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Wisteria is a genus of flower plants. It is part of the Fabaceae family of plants. They call it Glycine in French, and Zi Teng in Chinese. Wisteria has a twining stem that helps it climb. Some species twine clockwise while others do it counterclockwise. Wisteria leaves are alternate and pinnate 9 to 19 leaflets. They flower in spring, but some Asian species flower in the summer. After flowering, they produce seed pods. All parts of the plant contain saponin and are poisonous.

Thomas Nutall (1786-1859), the English botanist, named the genus Wisteria after Caspar Wistar (1786-1818), an American physician.

Wisteria is a beautiful climber, a deciduous vine. It is well-known for its drooping clusters of beautiful purple, pink, or violet flowers. There is also a white flowering species. Wisteria can be trained to be a tree. They usually grow up to 16ft or 5m but some grow even taller, much much taller up to 66ft or 22m.

Did you know there is a Wisteria plant in California Sierra Madre that is known as the largest in the world it covers 1 acre!

Wisteria is native to the Eastern United States as well as Western Asia, Japan, China, and Korea. In fact. Wisteria flower is one of the flowers depicted in many Asian paintings and artwork, even embroideries, vases, and sculptures.


Selection of Wisteria species:

Wisteria species include Japanese Wisteria, Chinese Wisteria, and Silky Wisteria, which have more bluish flowers. The most popular Wisteria is a purple flowering plant that grows very tall, called Wisteria sinensis. It is hardy. It has mauve flowers. This species has fragrant flowers.

Another popular species is Wisteria floribunda. It has very long racemes. Wisteria Sinensis has two varieties one Wisteria sinensis ‘Alba’ which has white flowers, and Wisteria sinensis ‘Plena’ with double mauve flowers. There are other species with white flowers such as Wisteria venusta.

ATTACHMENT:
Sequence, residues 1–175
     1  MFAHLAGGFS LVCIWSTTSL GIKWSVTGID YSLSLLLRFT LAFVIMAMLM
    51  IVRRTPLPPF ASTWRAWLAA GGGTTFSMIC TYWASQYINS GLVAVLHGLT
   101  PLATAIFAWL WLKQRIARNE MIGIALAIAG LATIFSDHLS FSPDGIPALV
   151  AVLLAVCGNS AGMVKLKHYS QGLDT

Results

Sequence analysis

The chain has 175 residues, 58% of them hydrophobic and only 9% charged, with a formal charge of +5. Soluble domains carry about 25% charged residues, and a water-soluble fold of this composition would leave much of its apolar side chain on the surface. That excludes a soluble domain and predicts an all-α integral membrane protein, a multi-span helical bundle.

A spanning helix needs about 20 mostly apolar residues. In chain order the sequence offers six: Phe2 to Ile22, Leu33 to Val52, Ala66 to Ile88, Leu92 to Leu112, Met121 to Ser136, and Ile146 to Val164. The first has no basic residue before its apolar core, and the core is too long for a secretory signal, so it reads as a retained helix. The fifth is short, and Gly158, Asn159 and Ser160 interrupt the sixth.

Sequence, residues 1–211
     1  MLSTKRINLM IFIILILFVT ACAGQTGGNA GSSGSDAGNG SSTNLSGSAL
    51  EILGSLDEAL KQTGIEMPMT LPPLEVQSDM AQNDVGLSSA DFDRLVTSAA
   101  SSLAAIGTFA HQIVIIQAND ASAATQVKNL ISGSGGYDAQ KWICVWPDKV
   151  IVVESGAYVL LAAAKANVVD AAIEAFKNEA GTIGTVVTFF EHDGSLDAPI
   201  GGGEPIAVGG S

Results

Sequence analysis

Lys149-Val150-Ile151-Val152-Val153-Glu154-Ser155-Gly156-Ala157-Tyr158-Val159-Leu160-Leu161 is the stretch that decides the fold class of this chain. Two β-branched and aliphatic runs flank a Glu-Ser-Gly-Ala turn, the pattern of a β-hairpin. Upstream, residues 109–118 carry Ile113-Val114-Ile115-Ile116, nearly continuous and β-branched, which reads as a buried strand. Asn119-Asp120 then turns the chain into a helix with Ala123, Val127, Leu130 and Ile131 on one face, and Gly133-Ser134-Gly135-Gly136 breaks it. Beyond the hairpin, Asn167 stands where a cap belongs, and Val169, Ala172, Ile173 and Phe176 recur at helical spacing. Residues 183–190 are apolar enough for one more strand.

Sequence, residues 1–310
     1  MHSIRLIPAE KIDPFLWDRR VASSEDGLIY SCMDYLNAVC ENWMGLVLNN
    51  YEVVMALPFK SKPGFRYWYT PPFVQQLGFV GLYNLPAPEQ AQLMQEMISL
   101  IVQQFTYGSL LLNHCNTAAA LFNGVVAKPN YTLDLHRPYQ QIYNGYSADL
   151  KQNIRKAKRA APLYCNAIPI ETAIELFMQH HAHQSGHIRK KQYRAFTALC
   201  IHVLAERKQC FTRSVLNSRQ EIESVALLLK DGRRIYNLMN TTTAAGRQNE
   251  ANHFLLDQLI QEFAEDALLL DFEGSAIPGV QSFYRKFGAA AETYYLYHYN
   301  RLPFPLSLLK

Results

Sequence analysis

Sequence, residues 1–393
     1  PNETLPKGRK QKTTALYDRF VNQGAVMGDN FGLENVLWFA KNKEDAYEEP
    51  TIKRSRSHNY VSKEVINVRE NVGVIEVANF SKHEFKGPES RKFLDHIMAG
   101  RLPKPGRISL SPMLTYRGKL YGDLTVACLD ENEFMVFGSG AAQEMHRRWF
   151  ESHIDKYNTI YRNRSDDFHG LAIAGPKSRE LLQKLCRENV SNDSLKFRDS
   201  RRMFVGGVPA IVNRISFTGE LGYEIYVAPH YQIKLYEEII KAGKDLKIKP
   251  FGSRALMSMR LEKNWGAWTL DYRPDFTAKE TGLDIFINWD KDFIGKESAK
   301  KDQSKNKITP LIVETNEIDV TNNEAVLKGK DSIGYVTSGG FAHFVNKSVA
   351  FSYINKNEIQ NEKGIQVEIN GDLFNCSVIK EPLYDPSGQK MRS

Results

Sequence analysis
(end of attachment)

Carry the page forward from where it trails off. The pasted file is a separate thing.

Some of the species of Wisteria have popular names as well such as the Wisteria floribunda is known as Japanese Wisteria, the Wisteria frutescens is called the American Wisteria, the Wisteria macrostachya is known as Kentucky Wisteria, the Wisteria sinensis is the Chinese Wisteria and Wisteria venusta is the Silky Wisteria. Wisteria Sinensis is very hardy and fast-growing, it does not require rich soil but usually, does well in richer soil.


How to grow Wisteria:

They do best in a sunny location and fairly rich soil and they can grow to 30′ feet tall. They are fragrant and create a visual spectacle. If the soil is too alkaline then you can add iron. Pruning can help flowering.

Many times you see Wisteria growing over trees creating a beautiful display of flowers. Wisteria usually blooms in May or June. Some varieties rebloom in the summer.

You can propagate Wisterias through cuttings and seeds, but if you choose seeds it could take decades for them to grow and bloom. Some gardeners do grafts and get the Wisteria to bloom. Also be careful with fertilizers, over-fertilizing the Wisteria can also stop it from blooming. It loves phosphate and potassium but not nitrogen. Avoid nitrogen fertilizers during the growing season or in general.

Wisteria Alba
Wisteria Kew Gardens
Wisteria at Kew Gardens, London, UK

Wisteria does not bloom until it reaches maturity and in some species that could be almost twenty years. Sometimes you can do root pruning expose it to drought to artificially age the plant so it starts blooming. The blossoms are usually near last year’s growth so in spring you might want to prune back some of the new growth so you can better view the blossoms when it is time. If you have a fence a pergola or any kind of structure in your garden or deck then this is a great choice.

Wisteria White
White Wisteria Flower
Wisteria, White
Wisteria at Kew Gardens, London, UK

About Online Flower Garden & Dino

I am a flower enthusiast and a gardener at heart. Ever since childhood I loved reading about plants and started gardening at an early age. First by helping my father in the garden and later managing a large garden myself in my teen years. I planted and cared for a large number of plants, flowers, and trees both outdoors and in a greenhouse. To this day I enjoy visiting gardens and parks and learning about new and old specimens and varieties of plants.

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